You walk your dog a couple of times per day. For some people, that is the best exercise they — and their dogs — get. You, though, want to exercise more rigorously. You need to get in better physical condition and the stop-and-start walks with your dog as it sniffs around looking for a spot to do its business aren’t good enough.
Unfortunately, your previous attempts at rigorous exercise failed. You’re just not good at motivating yourself to exercise alone. You tried convincing a few friends to exercise with you, but they just weren’t interested. Then, you noticed a neighbor jogging with its dog. ‘Is this a good idea?’ you thought to yourself. ‘How does Diane know her dog is willing and able to jog without continually stopping to do what dogs do? Should I jog with my dog?’
Should You Rigorously Exercise With Your Dog?
The answer to the question “should you exercise rigorously with your dog?” is dependent on two factors — whether the exercise benefits you and whether the exercise benefits your dog. The first factor is pretty close to a no-brainer. In fact, people with dogs are fitter and healthier than people without dogs and are about 34 percent more likely to get the amount of exercise that the American College of Sports Medicine recommends — 20 to 60 minutes of continuous exercise three to five days per week.
“A dog can do more for you than a treadmill,” “Walk a Hound, Lose a Pound” author Rebecca Johnson told Women’sHealth magazine in an article entitled “Work Out With Your Dog.” ”When you interact with a dog, endorphins rise and stress levels fall. This emotional connection gives an extra boost to your workouts.”
Whether rigorous exercise with your dog benefits your dog is not a no-brainer. Dogs, of course, are bred to run. They love to run. Unlike your friends, they’re not going to complain when you ask them to run. That doesn’t mean they should run with you.
“People are actually better suited for jogging or long-distance running than dogs are,” reports the American Society for the Prevention of Cruelty to Animals (ASPCA) in its “Exercise for Dogs” article. “If you jog with your dog on leash, be careful not to overestimate her abilities and go too far. If she seems stiff, sore and exhausted for hours afterward, scale back next time. Also, be careful to check your dog’s paws after a run. Dogs get blisters on their pads, just like people get blisters on their feet.”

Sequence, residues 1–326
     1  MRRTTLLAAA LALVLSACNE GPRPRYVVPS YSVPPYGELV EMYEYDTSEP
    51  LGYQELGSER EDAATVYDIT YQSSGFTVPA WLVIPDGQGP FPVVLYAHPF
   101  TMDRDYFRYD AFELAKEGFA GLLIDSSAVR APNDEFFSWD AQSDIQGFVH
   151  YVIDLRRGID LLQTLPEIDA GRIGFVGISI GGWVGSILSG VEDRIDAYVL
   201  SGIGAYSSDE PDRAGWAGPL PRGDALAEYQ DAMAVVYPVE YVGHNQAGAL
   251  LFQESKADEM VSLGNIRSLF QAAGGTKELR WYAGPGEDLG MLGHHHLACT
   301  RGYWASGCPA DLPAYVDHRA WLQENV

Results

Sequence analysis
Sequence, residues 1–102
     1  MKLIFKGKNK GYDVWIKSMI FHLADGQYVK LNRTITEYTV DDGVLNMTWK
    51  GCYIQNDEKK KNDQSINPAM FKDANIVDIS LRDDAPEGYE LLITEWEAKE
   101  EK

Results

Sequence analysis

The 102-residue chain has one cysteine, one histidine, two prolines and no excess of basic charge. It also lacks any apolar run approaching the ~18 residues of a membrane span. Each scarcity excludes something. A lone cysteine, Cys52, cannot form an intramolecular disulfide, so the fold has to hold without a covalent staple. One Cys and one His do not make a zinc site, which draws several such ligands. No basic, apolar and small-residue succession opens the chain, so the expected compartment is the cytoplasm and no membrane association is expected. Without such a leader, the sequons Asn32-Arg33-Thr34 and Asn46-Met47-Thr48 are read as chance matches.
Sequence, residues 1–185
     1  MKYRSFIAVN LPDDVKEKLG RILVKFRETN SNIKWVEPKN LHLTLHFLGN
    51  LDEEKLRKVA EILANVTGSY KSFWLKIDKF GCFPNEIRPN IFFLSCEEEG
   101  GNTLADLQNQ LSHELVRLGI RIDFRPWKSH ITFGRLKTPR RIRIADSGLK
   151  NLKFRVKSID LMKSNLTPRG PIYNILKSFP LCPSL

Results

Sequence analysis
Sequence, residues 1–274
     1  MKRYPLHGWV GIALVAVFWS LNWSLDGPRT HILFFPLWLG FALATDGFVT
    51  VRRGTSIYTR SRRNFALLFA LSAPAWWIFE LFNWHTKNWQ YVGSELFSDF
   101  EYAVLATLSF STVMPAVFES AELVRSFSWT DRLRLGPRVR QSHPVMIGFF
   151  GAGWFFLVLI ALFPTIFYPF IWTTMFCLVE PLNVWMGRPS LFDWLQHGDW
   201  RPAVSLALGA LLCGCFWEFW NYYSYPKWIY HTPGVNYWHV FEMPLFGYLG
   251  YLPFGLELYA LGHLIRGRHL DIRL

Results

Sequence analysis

The ASPCA recommends having your dog examined by a veterinarian before it begins exercising rigorously. It also emphasizes repeatedly that your dog’s breed, size, and age is crucial in making a decision about whether your dog should rigorously exercise with you. The ASPCA’s observations include:
- Dogs who are under 18 months of age shouldn’t participate in sustained jogging because their bones haven’t finished growing.
- Large dogs need to be in better condition than small dogs to jog with you. They are also more susceptible to a wide variety of bone, joints, and ligament injuries than small dogs.
- Be careful about rigorously exercising older dogs — dogs that are at least seven years old. They are susceptible to becoming lame because their joints are weaker.
- Breeds with flat or short noses can have trouble breathing during rigorous exercise. These dogs are called brachycephalic breeds. They include American Cocker Spaniels, American Pit Bull Terriers, Boston Terriers, Boxers, Bulldogs, Bullmastiffs, Lhasa Apsos, Malteses, Pekingeses, Pugs, Shih Tzus, and Yorkshire Terriers.
In general, though, dogs should get at least 30 minutes of rigorous exercise per day as well as one to two hours of daily activity, reports“Exercising with Your Dog 101.” Herding, hunting and working dogs such as collies, hounds, Labrador retrievers, and shepherds should get the most exercise.
Before heading out, though, check out these safety tips for working out with your dog. Carrying water for your dog, ending the exercise if your dog is excessively panting, and checking your dog’s paws for cuts and scrapes afterward are among the more important tips.